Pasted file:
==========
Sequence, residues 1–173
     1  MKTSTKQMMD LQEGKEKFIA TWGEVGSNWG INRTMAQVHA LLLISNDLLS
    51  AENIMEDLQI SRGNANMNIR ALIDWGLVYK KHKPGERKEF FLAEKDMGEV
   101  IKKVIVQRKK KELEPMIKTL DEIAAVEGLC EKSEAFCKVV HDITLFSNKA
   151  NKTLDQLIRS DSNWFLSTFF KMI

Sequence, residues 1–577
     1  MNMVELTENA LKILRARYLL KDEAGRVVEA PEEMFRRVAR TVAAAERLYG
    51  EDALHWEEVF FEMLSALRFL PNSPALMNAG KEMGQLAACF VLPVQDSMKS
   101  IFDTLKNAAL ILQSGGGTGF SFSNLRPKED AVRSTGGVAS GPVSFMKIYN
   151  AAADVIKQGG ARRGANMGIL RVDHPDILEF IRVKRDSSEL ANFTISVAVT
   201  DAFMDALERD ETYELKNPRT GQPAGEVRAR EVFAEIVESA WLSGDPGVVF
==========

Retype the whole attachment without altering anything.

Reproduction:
Sequence, residues 1–173
     1  MKTSTKQMMD LQEGKEKFIA TWGEVGSNWG INRTMAQVHA LLLISNDLLS
    51  AENIMEDLQI SRGNANMNIR ALIDWGLVYK KHKPGERKEF FLAEKDMGEV
   101  IKKVIVQRKK KELEPMIKTL DEIAAVEGLC EKSEAFCKVV HDITLFSNKA
   151  NKTLDQLIRS DSNWFLSTFF KMI

Sequence, residues 1–577
     1  MNMVELTENA LKILRARYLL KDEAGRVVEA PEEMFRRVAR TVAAAERLYG
    51  EDALHWEEVF FEMLSALRFL PNSPALMNAG KEMGQLAACF VLPVQDSMKS
   101  IFDTLKNAAL ILQSGGGTGF SFSNLRPKED AVRSTGGVAS GPVSFMKIYN
   151  AAADVIKQGG ARRGANMGIL RVDHPDILEF IRVKRDSSEL ANFTISVAVT
   201  DAFMDALERD ETYELKNPRT GQPAGEVRAR EVFAEIVESA WLSGDPGVVF